Devoted to the Propagation and Defense of New Testament Christianity
April 9, 1964
NUMBER 48, PAGE 5,13b


E. L. Flannery

Repentance is defined as a change of mind or of one's purpose involving a change for the better. Brother H. Leo Boles used to say that repentance was "a change of mind, disposition, governing purpose." Repentance produces a change in mind, heart, will and conduct of life. There are at least seven aspects of genuine repentance:

Conviction: a being convinced of one's sins. Peter preached on Pentecost to those who had put to death God's son, and he convinced them of their guilt. "Now when they heard this they were pricked in the heart, and said unto Peter and to the rest of the apostles, Men and brethren, what shall we do?" (Acts 2:37) This is the first aspect of genuine repentance — conviction that one is a sinner!

Contrition: a sorrow for having sinned! "For godly sorrow worketh repentance to salvation not to be repented of: but the sorrow of the world worketh death." (2 Cor. 7:10) Godly sorrow — "according to God" — relates the sin and the sorrow for it to God and one's relationship to Him. There is a worldly sorrow, a grief felt at having been apprehended in wrong-doing; a shame of having been discovered in wrong doing. The type of sorrow that relates to genuine, Bible repentance is godly sorrow, not worldly sorrow. The sinner must be grief-stricken that he has sinned against God. He may well be ashamed that his sins have become publicly known, but his sorrow must go deeper than that to work repentance.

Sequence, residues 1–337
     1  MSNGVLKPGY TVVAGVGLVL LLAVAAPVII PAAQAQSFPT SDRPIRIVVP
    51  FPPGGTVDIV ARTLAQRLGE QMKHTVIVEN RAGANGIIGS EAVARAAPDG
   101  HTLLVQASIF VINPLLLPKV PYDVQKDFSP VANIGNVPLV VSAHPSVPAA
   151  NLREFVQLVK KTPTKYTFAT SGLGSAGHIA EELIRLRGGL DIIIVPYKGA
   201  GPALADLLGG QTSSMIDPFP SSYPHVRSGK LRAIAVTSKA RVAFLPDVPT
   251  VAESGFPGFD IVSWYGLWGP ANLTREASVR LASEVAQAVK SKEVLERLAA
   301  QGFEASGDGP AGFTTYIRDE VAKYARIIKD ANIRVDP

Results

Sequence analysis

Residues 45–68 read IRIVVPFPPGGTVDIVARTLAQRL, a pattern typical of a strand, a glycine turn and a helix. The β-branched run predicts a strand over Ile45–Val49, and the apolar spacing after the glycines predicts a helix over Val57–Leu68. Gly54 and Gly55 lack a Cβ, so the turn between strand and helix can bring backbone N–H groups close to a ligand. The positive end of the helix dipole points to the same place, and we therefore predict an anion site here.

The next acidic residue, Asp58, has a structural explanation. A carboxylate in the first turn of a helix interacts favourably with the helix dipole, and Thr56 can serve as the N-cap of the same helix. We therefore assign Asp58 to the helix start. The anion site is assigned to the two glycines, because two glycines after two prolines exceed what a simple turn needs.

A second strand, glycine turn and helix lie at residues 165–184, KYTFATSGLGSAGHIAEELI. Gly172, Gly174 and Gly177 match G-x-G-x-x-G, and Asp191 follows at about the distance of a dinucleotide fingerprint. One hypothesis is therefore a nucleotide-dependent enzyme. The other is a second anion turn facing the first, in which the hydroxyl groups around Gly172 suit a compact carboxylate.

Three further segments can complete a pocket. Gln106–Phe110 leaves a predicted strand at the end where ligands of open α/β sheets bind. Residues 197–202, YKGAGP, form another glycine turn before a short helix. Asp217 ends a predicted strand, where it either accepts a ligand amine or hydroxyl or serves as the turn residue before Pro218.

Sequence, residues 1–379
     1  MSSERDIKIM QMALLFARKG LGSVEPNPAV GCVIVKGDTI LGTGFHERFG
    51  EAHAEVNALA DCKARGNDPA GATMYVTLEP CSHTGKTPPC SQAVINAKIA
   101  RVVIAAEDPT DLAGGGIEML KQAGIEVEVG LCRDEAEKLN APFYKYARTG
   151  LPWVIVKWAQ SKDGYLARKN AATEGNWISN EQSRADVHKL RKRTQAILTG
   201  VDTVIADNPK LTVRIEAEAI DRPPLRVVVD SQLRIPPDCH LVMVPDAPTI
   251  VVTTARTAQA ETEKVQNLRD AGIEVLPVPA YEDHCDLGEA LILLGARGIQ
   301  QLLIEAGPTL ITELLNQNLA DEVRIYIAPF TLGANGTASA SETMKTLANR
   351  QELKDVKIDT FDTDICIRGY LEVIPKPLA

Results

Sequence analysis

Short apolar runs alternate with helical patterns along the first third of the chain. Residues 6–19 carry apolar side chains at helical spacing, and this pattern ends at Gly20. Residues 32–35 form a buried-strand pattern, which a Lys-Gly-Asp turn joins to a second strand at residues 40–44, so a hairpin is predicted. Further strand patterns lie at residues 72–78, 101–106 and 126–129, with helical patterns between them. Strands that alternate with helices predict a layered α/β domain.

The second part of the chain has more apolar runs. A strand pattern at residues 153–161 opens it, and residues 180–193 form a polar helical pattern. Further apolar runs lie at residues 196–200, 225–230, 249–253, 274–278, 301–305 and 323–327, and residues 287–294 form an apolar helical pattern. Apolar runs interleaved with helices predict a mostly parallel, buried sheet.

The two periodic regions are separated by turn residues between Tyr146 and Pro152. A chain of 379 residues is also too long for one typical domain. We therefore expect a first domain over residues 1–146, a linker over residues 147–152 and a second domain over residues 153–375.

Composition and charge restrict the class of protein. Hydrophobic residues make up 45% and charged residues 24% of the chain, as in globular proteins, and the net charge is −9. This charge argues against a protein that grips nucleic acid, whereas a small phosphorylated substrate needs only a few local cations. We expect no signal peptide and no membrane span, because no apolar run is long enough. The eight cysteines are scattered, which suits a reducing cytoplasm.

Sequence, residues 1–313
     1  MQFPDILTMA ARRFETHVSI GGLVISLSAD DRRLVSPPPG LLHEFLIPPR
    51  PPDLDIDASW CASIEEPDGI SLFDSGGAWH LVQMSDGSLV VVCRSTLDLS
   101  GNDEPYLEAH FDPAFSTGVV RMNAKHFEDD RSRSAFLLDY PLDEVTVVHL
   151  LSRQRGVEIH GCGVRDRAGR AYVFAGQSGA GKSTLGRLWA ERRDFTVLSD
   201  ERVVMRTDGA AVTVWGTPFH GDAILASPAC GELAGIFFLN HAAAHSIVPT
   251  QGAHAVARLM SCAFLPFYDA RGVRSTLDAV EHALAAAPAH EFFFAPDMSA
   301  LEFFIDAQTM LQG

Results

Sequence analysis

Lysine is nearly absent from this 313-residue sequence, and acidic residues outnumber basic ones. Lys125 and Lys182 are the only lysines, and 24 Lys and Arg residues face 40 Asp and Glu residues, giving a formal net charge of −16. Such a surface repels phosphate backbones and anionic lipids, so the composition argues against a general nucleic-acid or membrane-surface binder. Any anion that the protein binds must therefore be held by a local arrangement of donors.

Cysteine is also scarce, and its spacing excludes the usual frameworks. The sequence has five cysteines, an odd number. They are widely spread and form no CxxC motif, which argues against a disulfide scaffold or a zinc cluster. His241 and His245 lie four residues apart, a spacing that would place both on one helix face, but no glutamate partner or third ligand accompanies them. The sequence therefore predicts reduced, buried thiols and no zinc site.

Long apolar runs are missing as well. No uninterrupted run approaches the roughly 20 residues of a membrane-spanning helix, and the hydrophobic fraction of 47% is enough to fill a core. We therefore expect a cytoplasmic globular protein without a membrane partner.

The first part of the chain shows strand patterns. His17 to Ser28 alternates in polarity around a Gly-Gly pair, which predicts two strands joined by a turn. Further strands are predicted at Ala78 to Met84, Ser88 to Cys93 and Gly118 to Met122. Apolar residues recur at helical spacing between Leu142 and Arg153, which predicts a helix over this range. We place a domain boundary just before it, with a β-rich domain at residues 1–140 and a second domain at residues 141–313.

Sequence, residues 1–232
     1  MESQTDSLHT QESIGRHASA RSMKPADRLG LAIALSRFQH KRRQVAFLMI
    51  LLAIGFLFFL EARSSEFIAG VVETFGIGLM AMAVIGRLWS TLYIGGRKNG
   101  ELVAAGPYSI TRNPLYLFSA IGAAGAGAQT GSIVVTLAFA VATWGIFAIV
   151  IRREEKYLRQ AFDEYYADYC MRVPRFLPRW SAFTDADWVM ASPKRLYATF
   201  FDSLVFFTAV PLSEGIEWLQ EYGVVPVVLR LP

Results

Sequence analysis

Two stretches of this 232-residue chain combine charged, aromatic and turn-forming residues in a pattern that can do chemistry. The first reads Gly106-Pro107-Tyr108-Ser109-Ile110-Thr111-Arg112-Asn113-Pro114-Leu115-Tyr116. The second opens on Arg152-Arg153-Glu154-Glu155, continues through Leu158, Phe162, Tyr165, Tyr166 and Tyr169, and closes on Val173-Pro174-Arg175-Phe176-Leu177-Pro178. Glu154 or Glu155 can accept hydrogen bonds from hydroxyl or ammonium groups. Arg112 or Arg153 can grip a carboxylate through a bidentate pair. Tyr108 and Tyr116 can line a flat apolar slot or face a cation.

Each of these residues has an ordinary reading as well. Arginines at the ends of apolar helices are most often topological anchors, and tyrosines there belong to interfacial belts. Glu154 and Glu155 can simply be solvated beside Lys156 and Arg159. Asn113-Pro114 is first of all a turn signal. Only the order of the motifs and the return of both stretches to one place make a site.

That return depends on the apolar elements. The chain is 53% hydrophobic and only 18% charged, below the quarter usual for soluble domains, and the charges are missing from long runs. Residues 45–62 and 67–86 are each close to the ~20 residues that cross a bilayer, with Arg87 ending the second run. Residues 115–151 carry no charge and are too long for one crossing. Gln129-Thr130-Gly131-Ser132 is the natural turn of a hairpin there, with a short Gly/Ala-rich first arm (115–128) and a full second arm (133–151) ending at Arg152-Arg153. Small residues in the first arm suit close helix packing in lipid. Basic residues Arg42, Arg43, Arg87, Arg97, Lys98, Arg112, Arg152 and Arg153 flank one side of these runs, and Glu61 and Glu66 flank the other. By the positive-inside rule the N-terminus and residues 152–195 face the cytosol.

Confession: to admit one's guilt. Few have been the men to forth-rightly confess, "I have sinned!" Yet James admonished, "Confess your faults (sins) one to another, and pray one for another...." (Jas. 5:16) And John wrote, "If we say we have no sin, we deceive ourselves, and the truth is not in us. If we confess our sins, he is faithful and just to forgive us our sins, and to cleanse us from all unrighteousness." (1 John 1:8-9) That wonderful Psalm (51) is on outpouring of a contrite heart, confessing its sinfulness! "For I acknowledge my transgressions, and my sin is ever before me. Against thee, thee only have I sinned and done this evil in thy sight that thou mightest be justified when thou speakest and clear when thou judgest." (Psa. 51:3-4) Although many of the passages refer to the erring, penitent child of God, they set forth the principle of all seeing and admitting their sinfulness, hence their need of a Savior. The alien sinner must be convicted he is a sinner, that his sins are against God, and admit this fact to himself, to others, and to God.

Renunciation: to renounce; to disown. "Let the wicked forsake his way, and the unrighteous man his thoughts, and let him return unto the Lord, and He will have mercy upon him; and to our God, for He will abundantly pardon." (Isa. 55:7) Paul said, "We faint not; but have renounced the hidden things of dishonesty...." (2 Cor. 4:1, 2) The eunuch from Ethiopia had to renounce his former religion to accept the Christ. "What shall we say then? Shall we continue in sin that grace may abound? God forbid. How shall we that are dead to sin live any longer therein?" (Rom. 6:1,2)